And Al-Jazeera is entirely independent of the State of Qatar, and that is part of its mission, in a way. So the English channel was started 10 years after the Arabic channel in order to put a truly international network on air, in English, broadcasting to all corners of the globe. By truly international, there's one fundamental point, which is - I always describe that we put every country of the world on a level playing field. We evaluate the story on its merit. What that means is we're covering the developing world as much as the developed.
MARTIN: If you're just joining us, I'm Michel Martin, and you're listening to TELL ME MORE from NPR News. I'm speaking with Al Anstey. He is the managing director of Al-Jazeera English. That is the Qatar-based channel. There's also a language service in Arabic that has been dominating the coverage of the events in the Middle East and North Africa, the protests in Tunisia, Libya and Egypt - not widely available in the United States.
So the impression that I think some Americans have, and certainly some American officials have had of Al-Jazeera over the years, is that the channel is reflexively anti-American and anti-Israel. And the impression has been that there has been kind of a bias toward documenting the violence resulting from the U.S. involvements overseas - less interest in documenting, say, sectarian violence caused, you know, by the conflicts between the Sunnis and Shia and so forth. So could you speak to that?
Mr. ANSTEY: In order to answer that, I guess I got to take a step back and look at some of the coverage of our sister channel, which predates our launch. It goes back to the Iraq War. I remember when Donald Rumsfeld said about Al-Jazeera Arabic's coverage of Fallujah during the Iraq War, that the coverage was done by vicious liars. The fact of the matter on that story was Al-Jazeera Arabic, our sister channel, had covered, on the ground in Fallujah that day, civilian casualties. And at the time, that's not a message - or that's not a story that Donald Rumsfeld, I guess, wanted to be aired that day.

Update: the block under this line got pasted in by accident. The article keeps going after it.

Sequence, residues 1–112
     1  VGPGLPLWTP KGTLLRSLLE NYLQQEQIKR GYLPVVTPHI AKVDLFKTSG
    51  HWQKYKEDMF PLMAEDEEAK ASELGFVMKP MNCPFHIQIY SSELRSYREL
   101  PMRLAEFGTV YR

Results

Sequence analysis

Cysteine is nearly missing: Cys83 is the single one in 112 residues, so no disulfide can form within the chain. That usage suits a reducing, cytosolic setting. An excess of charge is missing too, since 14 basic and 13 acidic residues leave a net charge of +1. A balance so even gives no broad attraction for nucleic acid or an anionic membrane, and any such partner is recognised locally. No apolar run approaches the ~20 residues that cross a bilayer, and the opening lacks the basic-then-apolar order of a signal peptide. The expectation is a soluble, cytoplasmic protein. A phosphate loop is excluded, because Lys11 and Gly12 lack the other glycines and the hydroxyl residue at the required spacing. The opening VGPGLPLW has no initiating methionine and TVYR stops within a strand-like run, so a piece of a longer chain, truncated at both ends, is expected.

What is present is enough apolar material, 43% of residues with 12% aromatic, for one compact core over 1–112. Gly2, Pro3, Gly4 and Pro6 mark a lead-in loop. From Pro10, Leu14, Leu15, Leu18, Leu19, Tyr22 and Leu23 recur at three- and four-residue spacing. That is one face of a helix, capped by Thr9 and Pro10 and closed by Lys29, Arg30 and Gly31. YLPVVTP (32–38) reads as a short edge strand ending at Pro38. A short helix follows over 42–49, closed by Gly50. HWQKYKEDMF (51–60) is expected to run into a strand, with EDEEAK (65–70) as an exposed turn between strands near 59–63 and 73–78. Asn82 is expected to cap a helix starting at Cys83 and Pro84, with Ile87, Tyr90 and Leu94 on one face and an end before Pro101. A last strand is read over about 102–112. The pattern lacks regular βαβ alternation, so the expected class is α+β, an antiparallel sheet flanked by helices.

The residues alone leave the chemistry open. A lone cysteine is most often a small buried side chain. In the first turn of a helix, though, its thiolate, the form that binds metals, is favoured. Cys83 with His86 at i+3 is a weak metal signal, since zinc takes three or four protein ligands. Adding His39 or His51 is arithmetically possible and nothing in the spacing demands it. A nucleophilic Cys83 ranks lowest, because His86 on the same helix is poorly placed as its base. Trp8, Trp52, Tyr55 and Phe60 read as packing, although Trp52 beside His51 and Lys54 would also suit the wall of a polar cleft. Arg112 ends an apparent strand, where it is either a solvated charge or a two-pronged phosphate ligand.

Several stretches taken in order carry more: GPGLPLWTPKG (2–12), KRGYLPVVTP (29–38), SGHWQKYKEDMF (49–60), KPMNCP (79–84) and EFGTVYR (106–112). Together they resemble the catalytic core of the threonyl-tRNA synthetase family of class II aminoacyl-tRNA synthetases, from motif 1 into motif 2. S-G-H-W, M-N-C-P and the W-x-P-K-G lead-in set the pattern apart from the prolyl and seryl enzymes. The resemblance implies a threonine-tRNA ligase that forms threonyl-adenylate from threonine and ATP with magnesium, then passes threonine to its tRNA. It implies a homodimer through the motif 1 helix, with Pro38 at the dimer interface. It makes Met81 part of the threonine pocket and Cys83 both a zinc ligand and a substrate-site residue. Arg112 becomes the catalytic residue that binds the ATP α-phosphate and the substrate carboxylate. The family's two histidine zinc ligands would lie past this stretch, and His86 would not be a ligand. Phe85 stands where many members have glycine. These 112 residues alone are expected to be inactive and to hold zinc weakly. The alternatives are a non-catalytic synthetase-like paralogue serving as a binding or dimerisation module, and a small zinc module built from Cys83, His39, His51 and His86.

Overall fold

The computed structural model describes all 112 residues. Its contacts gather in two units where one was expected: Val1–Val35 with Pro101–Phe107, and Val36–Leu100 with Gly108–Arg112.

The reality is, they were covering the facts on the ground. They were covering all sides of the story. They were also covering all the stories out of the United States and all the Pentagon briefings that day, as much as the civilian casualties on the ground in Fallujah.
Our job - talking about Al-Jazeera as a whole, but the English channel and the Arabic channel - our job is not to be anti-American, pro-American, anti-this, anti-that. Our job is to cover all relevant opinions, all sides. I think there's been a change in the fact that we are now recognized amongst many more people in the United States for the quality and the depth and the integrity of the journalism. And as a result of that, as soon as you switch on Al-Jazeera English, any myth or misconception you may have about bias or anti-this or anti-that is dispelled immediately.
MARTIN: But I need to - and I think it is fair to point out that there is a vigorous debate in this country about the objectivity of American media, you know. It's an open discussion of whether, you know, media outlets, including this one, tilt one way or the other. However, there is an ongoing sense that some of the rules for Al-Jazeera are different; that, for example, some of the broadcasters in Tunisia were perceived as kind of openly cheering on the protester. Do you think that's a fair characterization of the work?
Mr. ANSTEY: Were we fueling the protest? Were we on the side of the protest? The answer is a clear no. If our coverage - and working in parallel with the fact that there is a huge social media conversation going on in Tunisia and in Egypt and in Libya - if our coverage is showing the facts on the ground, and that is of interest to certain people, that's - it's not our job to be pro or anti. It's simply our job to cover the facts - but I stress, to cover the facts on all relevant sides of the story. So our job is not to create the story. It is our job to be journalists.
MARTIN: Why do you think that Al-Jazeera's had such a difficult time breaking into more American markets?
Mr. ANSTEY: I think there are two key points. First of all, we're a new channel. This channel was only born four-and-a-bit years ago. It takes a while to get recognized. I think that recognition is almost exponential. As we're recognized with each of the events that people switch us on to watch us, watch our coverage, then they stick with us, I hope, as loyal viewers for the future.